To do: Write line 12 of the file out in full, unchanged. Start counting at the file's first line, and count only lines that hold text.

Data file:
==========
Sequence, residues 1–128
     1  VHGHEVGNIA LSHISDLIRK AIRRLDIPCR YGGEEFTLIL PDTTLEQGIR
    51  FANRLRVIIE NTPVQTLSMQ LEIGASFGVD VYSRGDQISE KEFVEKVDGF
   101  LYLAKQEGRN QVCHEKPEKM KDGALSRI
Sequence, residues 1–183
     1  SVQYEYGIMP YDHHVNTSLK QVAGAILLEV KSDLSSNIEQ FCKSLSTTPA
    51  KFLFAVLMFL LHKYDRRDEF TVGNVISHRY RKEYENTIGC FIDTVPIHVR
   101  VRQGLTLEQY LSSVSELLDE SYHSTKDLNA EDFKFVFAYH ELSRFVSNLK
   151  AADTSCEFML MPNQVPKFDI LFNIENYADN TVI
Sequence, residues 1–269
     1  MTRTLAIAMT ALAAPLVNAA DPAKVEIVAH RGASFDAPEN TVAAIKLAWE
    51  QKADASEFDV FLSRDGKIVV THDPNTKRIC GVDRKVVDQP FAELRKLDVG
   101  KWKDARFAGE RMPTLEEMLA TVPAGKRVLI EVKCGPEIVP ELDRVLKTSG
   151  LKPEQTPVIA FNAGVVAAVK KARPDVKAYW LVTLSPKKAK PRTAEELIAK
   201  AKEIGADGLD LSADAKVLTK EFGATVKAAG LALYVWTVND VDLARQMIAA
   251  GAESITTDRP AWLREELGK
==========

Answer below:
    51  QKADASEFDV FLSRDGKIVV THDPNTKRIC GVDRKVVDQP FAELRKLDVG